If you come from the old school of thinking, a brand takes a lot of money and time to create. With today’s online business, however, it can be attained with the right combination. Twitter is quickly becoming one of the most amazingly popular social media networking sites on the World Wide Web. Now with over six million users (and growing) this microblogging site has attracted everyone from President Obama to NBA legend Shaquille O’Neal. Too many retweets. I http://www.theverge.com/2012/3/20/2886806/the-decline-of-print-visualized-us-ad-sales (techinasia.com) don’t know who thought this was a good idea – it really isn’t.
Businesses think that retweeting information that includes them to their own Twitter will drive traffic and sales, and while it might, it’s also completely annoying. Maybe your Social Media Marketing experts won’t mind since they won’t read your content anyways, but for the average Joe will mind. If you have to retweet, make sure it’s not promotional. No one minds if you retweet about a missing child or Michele Bachmann’s crazy antics.
But if you continuously retweet information about the new renovations in your store, people will get very, very annoyed with you. A strong brand is valuable because it ultimately changes the behavior of your market. This, as we all know, will lead them to buy more frequently, be willing to pay more and in some cases your clients and users will recommend the brand (you) to friends. Improve your marketing strategies.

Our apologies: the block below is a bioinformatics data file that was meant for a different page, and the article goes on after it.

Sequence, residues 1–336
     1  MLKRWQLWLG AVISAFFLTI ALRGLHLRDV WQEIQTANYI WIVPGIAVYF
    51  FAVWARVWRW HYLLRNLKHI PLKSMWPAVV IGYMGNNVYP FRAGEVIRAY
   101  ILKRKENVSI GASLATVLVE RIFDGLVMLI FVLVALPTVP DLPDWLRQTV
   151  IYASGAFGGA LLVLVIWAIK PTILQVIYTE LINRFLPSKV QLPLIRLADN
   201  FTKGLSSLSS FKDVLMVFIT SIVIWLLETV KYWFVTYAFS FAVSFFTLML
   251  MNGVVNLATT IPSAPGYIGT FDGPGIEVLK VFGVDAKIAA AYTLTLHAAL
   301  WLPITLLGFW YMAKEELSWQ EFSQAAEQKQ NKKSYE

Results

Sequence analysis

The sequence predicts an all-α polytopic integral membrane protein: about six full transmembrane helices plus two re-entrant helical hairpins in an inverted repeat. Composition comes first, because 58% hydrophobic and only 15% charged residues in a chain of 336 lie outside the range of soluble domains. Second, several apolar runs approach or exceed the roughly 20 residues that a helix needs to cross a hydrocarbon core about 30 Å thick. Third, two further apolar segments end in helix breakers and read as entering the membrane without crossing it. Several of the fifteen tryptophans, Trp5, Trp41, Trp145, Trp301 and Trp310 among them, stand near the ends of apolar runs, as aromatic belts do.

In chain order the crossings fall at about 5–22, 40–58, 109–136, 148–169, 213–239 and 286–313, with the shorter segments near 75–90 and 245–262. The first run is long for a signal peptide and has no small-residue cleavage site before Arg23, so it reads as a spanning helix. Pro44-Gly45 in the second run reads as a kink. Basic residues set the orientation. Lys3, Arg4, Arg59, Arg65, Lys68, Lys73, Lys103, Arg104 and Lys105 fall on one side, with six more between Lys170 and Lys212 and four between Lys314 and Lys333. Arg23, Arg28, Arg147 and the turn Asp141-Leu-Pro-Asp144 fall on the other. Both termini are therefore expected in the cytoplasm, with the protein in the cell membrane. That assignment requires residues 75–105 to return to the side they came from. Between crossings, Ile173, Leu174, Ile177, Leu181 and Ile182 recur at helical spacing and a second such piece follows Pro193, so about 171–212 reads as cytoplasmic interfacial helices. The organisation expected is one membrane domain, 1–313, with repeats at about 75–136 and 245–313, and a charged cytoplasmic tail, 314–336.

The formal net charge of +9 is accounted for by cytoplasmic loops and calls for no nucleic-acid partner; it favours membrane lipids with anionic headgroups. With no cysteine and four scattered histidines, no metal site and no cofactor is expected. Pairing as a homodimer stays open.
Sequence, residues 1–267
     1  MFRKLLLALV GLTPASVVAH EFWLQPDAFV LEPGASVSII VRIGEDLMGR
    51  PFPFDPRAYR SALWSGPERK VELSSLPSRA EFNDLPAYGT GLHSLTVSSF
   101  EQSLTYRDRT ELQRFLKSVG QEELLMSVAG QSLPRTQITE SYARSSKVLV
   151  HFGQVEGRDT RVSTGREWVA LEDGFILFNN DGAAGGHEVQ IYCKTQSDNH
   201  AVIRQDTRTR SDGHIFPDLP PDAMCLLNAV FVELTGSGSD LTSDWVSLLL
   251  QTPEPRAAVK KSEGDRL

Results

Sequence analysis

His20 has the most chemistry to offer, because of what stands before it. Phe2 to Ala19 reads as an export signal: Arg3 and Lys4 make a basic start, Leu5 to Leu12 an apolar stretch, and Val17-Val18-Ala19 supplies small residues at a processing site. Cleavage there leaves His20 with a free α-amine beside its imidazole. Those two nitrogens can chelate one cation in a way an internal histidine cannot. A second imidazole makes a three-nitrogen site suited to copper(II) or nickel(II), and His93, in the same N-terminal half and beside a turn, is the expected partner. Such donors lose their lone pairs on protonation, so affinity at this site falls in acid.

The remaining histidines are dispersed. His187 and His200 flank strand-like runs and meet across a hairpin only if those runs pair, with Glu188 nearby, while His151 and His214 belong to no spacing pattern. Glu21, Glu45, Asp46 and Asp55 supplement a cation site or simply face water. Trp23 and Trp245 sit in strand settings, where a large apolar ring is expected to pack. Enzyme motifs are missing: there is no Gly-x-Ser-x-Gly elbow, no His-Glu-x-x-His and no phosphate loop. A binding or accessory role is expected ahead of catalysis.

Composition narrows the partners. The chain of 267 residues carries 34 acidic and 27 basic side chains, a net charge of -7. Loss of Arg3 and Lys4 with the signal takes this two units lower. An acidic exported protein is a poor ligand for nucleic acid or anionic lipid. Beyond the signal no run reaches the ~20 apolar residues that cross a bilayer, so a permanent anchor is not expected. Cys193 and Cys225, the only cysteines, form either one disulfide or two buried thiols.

One of the first things businesspeople do when they’re hit by recession is to cut back on marketing costs. This is actually a very ineffective strategy, as you need the money to strengthen your marketing campaigns. You just need to do one important thing: choose your marketing strategy. The better tweeter is always on the lookout for good materials on the web. Retweeting these materials – articles, news, multimedia files – shows the user as a tweeter of substance. Good retweets are only possible if the user has actually read the material, and has found its content worthy to be retweeted.
When followers find the retweet valuable, it creates a ripple effect – being retweeted countless more times – and increases the standing of the original retweeter among peers and followers. Amidst all of this, few people have noticed that Citrix recently bought Cloud for between $200 and $250 million in a major move towards strengthening its hand in the cloud computing world. Noteworthy in this is that Cloud’s major investor was Menlo Park’s Redpoint Ventures who http://www.andreavascellari.com/2010/05/age-of-conversation-3-from-theory-to-social-media-practice/ is on an impressive streak of late.
In addition to their cashout of Cloud, Redpoint has also recently made successful exits recently with companies like Qihoo and Home Away, both of which went public and have a total market value of nearly $6 billion. Let’s just say they’re having a pretty good year.